Our retrospective study consecutively enrolled 776 patients diagnosed with cT1 RCC treated in the Second Hospital of Tianjin Medical University between January 2018 and December 2022. To be eligible for our study, patients should meet the following inclusion criteria: (1) Renal mass ≤ 7 cm in maximum diameter; (2) Postoperative pathology confirmed RCC; (3) The patients who underwent contrast-enhanced CT scan, including pre-contrast phase (PCP), corticomedullary phase (CMP), nephrographic phase (NP), and excretory phase (EP) in our medical center. The exclusion criteria were as follows: (1) Renal mass with > 25% cystic component; (2) Presence of perinephric fat/sinus fat/renal vein invasion, local lymph node, or distant metastasis on CT images; (3) Lack of preoperative four-phase contrast-enhanced CT scan; (4) Without surgical treatment (Fig. 1).

Fig. 1
figure 1

Flow chart of patient inclusion and exclusion criteria

Clinicopathological diagnosis

We collected the clinical factors of cT1 solid RCC patients, including age, gender, laterality, body mass index (BMI), ECOG performance status, symptomatic presentation, hypertension, diabetes, and smoking history. We also collected laboratory test results and surgical findings, including hemoglobin, NLR, surgical approach, and type of nephrectomy. Pathological findings included clinical tumor size, cT stage (AJCC 8th, 2017), histology subtype, surgical margin status, tumor nuclear grade (WHO/ISUP, 2022), pT3a upstage, and sarcomatoid/rhabdoid component. The aggressive pathology of cT1 solid RCC was defined as follows: (1) nuclear grade III-IV; (2) upstage to pT3a; (3) non-clear cell subtypes with adverse prognosis (type II pRCC, collecting duct or renal medullary carcinoma, unclassified RCC); (4) with sarcomatoid/rhabdoid features [15,16,17].

CT imaging evaluation

A GE Discovery 750 HD CT scanner was used to conduct renal contrast-enhanced CT from the top of the diaphragm to the anterior superior iliac spine. The CT scanning mode was used with the following parameters: the tube voltage was 120 kV, the tube current was 100 mA, and the reconstruction thickness and scanning thickness were both 1.25 mm. All patients performed PCP of the CT scan before CMP (25 ~ 30 s delay), NP (60 ~ 90 s delay), and EP (120 ~ 180 s delay). For the enhanced examination, 100 ml of the non-ionic contrast iodixitol (containing iodine 300 mg/ml) was injected through the cubital vein with an injection flow rate of 2.5 ml/s.

All CT images were analyzed at a picture archiving and communication system workstation (PACs) and assessed by two radiologists with 6 and 10 years of experience in urological imaging blinded to the pathological results. The qualitative CT features of RCC are as follows: maximal tumor diameter (≤ 4 cm/4 cm ~ 7 cm), exophytic/endophytic rate (≥ 50%/< 50%/Endophytic), distance to the collecting system (> 7 mm/4 mm ~ 7 mm/≤ 4 mm), polar location (entirely above or below the polar line/cross the polar line/> 50% cross the polar line, cross the axial renal midline or entirely between the polar lines) [11], necrosis [18], calcification [19], tumor margin regularity [10] and peritumoral neovascularity [20]. The examples of intratumoral necrosis, calcification, tumor margin irregularity, and peritumoral neovascularity are shown in Fig. 2.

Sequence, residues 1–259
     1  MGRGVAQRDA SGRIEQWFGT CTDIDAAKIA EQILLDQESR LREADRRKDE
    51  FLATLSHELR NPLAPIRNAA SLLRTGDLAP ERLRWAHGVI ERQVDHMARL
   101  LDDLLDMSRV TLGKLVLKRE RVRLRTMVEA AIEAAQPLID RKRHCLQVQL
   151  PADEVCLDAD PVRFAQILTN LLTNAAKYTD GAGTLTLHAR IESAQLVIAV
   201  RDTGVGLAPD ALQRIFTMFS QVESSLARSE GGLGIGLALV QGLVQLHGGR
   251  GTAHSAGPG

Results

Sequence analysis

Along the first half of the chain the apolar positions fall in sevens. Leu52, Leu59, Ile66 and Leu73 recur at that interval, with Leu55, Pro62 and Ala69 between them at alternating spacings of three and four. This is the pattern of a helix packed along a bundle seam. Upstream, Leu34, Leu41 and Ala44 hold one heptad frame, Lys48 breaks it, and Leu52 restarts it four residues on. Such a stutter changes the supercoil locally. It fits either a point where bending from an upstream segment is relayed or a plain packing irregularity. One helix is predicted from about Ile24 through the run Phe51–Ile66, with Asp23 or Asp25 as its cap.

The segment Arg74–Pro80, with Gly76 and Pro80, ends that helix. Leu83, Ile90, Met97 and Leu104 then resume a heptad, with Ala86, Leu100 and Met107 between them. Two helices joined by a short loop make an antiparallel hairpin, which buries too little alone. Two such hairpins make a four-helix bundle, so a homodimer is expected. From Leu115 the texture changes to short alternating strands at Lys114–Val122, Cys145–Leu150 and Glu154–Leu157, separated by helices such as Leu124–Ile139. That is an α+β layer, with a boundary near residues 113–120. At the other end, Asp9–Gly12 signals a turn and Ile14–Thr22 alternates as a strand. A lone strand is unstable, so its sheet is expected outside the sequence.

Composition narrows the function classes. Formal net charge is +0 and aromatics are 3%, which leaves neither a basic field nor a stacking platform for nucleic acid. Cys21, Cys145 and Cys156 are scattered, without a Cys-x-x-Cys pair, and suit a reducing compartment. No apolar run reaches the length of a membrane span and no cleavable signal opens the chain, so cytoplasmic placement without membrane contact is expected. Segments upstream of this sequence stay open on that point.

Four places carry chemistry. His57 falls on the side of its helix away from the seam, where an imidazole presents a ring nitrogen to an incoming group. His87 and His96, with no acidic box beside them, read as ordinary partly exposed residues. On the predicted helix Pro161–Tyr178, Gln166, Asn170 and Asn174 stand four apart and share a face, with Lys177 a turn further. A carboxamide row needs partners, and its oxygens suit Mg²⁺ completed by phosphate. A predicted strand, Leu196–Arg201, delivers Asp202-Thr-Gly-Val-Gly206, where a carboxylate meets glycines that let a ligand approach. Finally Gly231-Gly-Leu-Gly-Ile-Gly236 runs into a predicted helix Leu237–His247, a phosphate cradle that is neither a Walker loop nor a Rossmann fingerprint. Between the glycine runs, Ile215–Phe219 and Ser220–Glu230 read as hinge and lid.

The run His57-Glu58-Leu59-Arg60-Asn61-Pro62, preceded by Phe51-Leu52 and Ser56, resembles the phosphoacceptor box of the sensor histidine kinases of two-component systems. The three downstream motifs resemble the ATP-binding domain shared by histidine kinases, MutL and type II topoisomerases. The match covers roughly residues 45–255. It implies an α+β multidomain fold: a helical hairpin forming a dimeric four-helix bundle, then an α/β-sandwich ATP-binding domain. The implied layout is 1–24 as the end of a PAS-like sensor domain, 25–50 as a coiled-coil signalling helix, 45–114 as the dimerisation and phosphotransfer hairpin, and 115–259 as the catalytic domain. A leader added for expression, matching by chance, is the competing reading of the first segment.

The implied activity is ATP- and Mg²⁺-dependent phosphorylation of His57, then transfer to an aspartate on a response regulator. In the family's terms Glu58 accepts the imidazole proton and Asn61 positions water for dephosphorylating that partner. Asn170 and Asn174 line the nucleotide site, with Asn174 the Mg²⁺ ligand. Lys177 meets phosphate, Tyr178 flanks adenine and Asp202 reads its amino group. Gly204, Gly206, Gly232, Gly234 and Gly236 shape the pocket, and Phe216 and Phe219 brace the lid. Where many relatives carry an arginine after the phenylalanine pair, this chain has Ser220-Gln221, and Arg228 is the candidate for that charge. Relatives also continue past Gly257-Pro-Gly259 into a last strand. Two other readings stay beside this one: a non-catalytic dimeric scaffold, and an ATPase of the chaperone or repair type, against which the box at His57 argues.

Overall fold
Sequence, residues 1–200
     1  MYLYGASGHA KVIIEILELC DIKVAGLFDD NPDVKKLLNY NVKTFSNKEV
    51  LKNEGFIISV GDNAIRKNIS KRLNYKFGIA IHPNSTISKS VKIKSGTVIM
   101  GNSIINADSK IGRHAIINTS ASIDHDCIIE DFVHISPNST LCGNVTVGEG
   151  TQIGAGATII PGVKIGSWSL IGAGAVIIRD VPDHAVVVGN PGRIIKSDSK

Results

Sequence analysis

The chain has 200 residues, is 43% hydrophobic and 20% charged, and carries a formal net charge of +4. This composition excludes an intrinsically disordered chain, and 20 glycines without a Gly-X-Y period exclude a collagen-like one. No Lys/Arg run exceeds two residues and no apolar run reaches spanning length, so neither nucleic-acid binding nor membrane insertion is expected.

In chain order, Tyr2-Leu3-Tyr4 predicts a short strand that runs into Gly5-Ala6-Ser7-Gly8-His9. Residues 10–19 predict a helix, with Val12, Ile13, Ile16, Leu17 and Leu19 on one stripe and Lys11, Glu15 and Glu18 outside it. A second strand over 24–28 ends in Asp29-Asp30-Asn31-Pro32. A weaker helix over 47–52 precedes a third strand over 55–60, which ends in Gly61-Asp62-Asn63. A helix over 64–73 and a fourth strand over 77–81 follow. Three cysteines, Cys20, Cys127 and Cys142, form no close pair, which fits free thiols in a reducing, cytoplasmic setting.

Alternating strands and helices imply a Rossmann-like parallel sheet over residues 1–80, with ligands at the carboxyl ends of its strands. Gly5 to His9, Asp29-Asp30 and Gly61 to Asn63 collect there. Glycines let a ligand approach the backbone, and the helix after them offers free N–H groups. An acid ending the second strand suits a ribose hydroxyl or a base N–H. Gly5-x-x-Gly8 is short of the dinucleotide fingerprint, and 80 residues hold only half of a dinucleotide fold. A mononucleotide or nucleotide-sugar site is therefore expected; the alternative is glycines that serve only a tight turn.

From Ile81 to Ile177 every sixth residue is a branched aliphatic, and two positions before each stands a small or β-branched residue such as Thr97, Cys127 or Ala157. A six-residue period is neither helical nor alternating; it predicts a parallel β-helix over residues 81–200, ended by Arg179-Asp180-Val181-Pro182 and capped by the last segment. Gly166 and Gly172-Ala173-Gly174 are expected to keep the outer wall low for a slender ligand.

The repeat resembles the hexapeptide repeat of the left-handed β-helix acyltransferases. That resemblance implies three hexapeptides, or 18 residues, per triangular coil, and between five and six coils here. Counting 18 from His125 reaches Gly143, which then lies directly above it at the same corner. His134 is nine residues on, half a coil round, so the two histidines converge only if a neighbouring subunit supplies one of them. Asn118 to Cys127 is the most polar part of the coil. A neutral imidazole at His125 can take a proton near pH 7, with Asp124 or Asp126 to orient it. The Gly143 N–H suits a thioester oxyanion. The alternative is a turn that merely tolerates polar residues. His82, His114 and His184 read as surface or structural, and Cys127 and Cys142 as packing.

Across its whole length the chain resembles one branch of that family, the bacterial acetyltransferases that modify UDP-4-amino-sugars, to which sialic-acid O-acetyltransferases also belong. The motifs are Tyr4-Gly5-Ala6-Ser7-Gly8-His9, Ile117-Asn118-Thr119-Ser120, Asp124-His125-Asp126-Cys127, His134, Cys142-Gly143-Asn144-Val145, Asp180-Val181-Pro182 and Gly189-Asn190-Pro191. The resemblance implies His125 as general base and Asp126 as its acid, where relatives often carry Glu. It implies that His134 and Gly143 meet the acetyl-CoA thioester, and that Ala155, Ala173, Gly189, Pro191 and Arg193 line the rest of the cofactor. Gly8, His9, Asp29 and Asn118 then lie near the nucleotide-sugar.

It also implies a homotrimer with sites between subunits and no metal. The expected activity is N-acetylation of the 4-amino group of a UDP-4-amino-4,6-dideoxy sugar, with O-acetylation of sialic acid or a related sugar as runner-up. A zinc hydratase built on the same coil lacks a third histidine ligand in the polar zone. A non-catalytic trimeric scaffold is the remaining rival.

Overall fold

Fig. 2
figure 2

Representative images on CT for cT1 solid RCC: (A) necrosis, (B) calcification, (C) peritumoral neovascularization, (D) tumor margin irregularity: nodular growth pattern, (E) tumor margin irregularity: blurred boundary between renal tumor and parenchyma, (F)tumor margin irregularity: completely non-elliptical shape.  RCC, renal cell carcinoma

The attenuation values [Hounsfeld units (HU)] of ROIs in four-phase contrast-enhanced CT were also recorded, which represented the radiodensity of tissues. The attenuation values of renal tumor (TAV) and renal cortex (TAC) were measured on the same axial image of contrast-enhanced CT. TAVPCP/CMP/NP/EP and TACPCP/CMP/NP/EP represent the CT attenuation values of the renal tumor and adjacent renal cortex in PCP, CMP, NP, and EP, respectively. The final TAV and TAC are the averages measured by two radiologists. To eliminate the individual differences in CT images resulting from the metabolism of contrast agents, we additionally calculated the net enhancement value of renal tumor (TEV), the net enhancement value of renal cortex (CEV), and the relative enhancement ratio of renal tumor (RER). The TEV and CEV are calculated as follows: TEVCMP/NP/EP=TAVCMP/NP/EP-TAVPCP, CEVCMP/NP/EP=TACCMP/NP/EP-TACPCP. The RER is calculated as follows: RERCMP/NP/EP=TAVCMP/NP/EP/TACCMP/NP/EP. Two radiologists selected ROIs based on the following principles: (1) The ROIs of both the renal tumor and normal renal cortex were consistent in size and location on four-phase contrast-enhanced CT images. (2) The circular or elliptical ROI should include the relatively homogeneous and maximum enhancing solid region of RCC while avoiding intratumoral necrosis, calcification, vasculature, and cystic component. (3) Each area should be measured twice, and if there is more than one solid enhancement region, they should be measured separately and take the average eventually. An example of selecting the ROI for measuring TAV and TAC is shown in Fig. 3A-D. Furthermore, the heterogeneous degree of tumor (HDT) was determined based on the standard deviation (SD) of CT values. The selection criteria of ROI for measuring HDT are as follows (Fig. 3E-H): (1) Since the margin of the tumor was most clearly in NP, it was first measured in NP. The ROIs of RCC in PCP, CMP, and EP should be placed refer to NP. (2) The circular or elliptical ROIs should cover the full RCC regions as much as possible, with the margins 2–3 mm medial to the tumor border. (3) Each tumor image should be measured twice, with the average values being recorded.